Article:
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EU Slams Turkey's Actions Along Greek Border, Drilling in East Mediterranean

By Anthee Carassava June 27, 2020

The European Union's top diplomat has voiced concern about deteriorating relations between Greece and Turkey. Rallying to the defense of Greece, an EU member state, though, Josep Borrell warned Turkey that any attempt to undermine Greece's borders and rights would be considered an equal affront to the EU. The EU official, however, fell short of spelling out any potential reprisals against Turkey.

Greece has long complained to the EU about its troubled relations with neighboring Turkey.

Waging what critics call gunboat diplomacy, Turkey has threatened to use force against Greece if it moves to block it from drilling for oil and gas in the Eastern Mediterranean in waters Greece considers its own. In recent weeks, it has also threatened to send a flood of refugees to the West. The EU and its foreign policy chief, Josep Borrell, are now rallying to the defend Greece as never before.

"You have been informing us about Turkey's drilling activities, overflights, maritime claims that have led to a significant deterioration in relations between Greece and Turkey," said Borrell.

I wanted to come here and see for myself the situation on the border.

The northeast border region of Evros has become a key flashpoint in escalating tensions between the two countries, after Turkish President Recep Tayyip Erdogan lifted border controls earlier this year, allowing more than 100,000 migrants and refugees to enter Europe, leaving Greece to defend EU borders.

Accompanying Borrell on his border tour, Greek Foreign Affairs Minister Nikos Dendias said Greece is willing to settle differences with its longtime foe, but not under what he called its bullying terms and behavior.

"We are always open to dialogue but will not do so under duress. Nor will we help legitimize Turkey's persistent violation of legality," said Dendias. "It is violating almost daily national airspace, territorial waters, including overflights over inhabited areas here in Evros, and the Aegean Sea by armed warplanes.

Brussels' support for Greece is important as the prime minister, Kyriakos Mitsotakis, will attend a key EU summit in coming weeks to address Turkey's actions as well as growing fears of an armed conflict following remarks by leading Turkish officials that Ankara would use force to drill in contested waters in the eastern Mediterranean.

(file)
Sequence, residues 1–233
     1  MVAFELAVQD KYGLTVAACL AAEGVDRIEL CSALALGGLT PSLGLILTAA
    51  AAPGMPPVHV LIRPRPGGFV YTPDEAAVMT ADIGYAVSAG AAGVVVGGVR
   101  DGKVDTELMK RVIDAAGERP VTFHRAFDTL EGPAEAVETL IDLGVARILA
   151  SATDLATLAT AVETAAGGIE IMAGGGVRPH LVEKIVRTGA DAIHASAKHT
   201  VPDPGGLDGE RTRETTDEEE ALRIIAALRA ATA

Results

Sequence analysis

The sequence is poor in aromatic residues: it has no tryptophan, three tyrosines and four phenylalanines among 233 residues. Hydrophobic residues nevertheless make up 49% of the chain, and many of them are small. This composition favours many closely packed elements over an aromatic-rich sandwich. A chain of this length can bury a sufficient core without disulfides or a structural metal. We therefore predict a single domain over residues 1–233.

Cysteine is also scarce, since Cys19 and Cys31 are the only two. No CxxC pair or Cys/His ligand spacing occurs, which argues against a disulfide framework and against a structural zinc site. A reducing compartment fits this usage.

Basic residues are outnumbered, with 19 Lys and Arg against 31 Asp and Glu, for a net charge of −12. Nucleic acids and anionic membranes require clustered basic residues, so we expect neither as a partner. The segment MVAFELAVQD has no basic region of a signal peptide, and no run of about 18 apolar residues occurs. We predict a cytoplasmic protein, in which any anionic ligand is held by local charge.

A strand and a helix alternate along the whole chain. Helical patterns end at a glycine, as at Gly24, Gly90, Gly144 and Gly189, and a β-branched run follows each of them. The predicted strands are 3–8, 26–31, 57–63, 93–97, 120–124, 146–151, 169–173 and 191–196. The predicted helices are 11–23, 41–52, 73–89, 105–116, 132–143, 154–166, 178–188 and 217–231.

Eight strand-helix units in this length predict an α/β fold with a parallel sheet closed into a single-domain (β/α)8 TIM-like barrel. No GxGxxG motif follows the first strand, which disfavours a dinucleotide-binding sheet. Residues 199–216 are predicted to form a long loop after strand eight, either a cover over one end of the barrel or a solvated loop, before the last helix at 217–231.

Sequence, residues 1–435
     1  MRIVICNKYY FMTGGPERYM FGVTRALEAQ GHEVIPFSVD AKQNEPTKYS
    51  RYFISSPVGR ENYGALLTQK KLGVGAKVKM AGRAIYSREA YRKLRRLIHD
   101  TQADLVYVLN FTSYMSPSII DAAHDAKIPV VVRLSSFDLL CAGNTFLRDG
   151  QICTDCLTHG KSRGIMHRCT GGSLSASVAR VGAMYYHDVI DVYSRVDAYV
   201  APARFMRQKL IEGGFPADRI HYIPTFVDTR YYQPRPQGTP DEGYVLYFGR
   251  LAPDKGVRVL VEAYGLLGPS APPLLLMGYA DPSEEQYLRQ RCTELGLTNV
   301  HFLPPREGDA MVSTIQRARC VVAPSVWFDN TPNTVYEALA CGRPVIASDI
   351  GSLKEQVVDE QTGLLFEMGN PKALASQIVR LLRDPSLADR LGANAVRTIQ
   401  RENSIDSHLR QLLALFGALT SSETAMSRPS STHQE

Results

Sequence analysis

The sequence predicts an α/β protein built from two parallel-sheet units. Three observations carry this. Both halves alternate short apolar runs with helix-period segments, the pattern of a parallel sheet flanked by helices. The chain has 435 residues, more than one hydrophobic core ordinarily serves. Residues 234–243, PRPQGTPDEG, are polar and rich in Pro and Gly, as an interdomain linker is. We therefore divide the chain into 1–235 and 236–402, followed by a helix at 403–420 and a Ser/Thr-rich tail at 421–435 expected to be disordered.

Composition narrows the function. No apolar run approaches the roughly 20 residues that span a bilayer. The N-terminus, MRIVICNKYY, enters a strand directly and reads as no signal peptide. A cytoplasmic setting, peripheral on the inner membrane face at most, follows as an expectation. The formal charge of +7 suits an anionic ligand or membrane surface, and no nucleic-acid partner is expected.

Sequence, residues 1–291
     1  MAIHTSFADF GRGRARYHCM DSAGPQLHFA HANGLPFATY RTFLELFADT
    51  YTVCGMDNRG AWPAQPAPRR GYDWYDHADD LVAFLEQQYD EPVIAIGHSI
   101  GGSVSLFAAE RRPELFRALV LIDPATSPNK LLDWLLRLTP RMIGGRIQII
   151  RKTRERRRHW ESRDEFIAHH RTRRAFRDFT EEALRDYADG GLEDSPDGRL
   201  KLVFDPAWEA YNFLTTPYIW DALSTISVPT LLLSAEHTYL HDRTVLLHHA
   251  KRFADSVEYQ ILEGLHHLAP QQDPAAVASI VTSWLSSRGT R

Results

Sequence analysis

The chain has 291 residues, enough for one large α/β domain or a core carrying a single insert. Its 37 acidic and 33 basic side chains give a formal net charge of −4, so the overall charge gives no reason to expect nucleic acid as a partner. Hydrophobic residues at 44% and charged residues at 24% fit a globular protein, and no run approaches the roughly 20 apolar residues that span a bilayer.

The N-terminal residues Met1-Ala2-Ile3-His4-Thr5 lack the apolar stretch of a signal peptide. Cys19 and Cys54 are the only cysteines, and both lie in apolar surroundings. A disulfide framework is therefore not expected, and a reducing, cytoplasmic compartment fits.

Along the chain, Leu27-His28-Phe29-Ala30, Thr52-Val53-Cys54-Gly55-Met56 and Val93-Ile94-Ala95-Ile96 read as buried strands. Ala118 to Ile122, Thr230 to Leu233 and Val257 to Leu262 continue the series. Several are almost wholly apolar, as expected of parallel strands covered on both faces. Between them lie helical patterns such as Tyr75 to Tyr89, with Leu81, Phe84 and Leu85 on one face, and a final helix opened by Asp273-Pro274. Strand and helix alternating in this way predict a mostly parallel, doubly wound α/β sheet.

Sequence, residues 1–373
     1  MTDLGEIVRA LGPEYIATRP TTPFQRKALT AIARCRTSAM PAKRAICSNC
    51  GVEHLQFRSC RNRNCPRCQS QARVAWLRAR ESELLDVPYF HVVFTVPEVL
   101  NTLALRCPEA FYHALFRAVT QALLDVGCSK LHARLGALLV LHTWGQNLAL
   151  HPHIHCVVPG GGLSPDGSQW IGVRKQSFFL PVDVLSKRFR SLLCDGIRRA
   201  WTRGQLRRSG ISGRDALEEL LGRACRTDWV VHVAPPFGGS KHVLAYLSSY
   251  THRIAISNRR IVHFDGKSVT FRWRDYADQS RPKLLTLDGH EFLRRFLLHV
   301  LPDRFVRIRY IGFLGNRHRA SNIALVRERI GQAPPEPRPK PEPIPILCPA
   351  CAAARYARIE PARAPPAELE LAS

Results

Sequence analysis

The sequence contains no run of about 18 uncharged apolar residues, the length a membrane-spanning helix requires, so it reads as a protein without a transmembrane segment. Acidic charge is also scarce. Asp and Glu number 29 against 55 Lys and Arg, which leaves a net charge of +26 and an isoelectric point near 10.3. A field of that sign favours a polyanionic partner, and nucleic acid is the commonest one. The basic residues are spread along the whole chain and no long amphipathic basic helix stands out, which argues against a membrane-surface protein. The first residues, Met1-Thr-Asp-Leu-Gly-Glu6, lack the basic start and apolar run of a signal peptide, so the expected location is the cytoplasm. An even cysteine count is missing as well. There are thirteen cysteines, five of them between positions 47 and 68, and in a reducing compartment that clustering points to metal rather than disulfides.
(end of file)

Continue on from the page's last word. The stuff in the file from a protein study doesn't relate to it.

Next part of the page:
Analysts such as conservative lawmaker Tassos Hadjivassiliou are concerned that aggravated relations may deteriorate further ahead of U.S. elections.

U.S. President Donald Trump, he says, has long shown a great deal of tolerance toward Turkey. That gives Erdogan, Hadjivassiliou says, a free hand to act between September and November, when the U.S. presidential election will be held.

Even so, the leading conservative deputy accused the EU of what he called "dithering," prodding Brussels to match its criticism of Turkey with stiff sanctions.

If the EU does not decide to impose sanctions on Turkey, especially financial reprisals, then all this talk and pressure will have little bearing on its behavior, he says.

Turkish officials are livid about Borrell's remarks, complaining the EU official failed to address alleged human rights violations by Greece, which has been accused of using blast bombs, rubber bullets and live ammunition to keep refugees from entering the West earlier this year.

In a statement, Turkish Foreign Ministry spokesman Hami Aksoy slammed the EU for trying to whitewash Greek human rights violations.

Aksoy is not alone in his claim. Dozens of human rights groups have documented hundreds of cases of asylum seekers being robbed, abused, and stripped of their clothes and personal belongings by Greek forces in recent months – who sent them back to Turkey where nearly 4 million refugees remain stranded.

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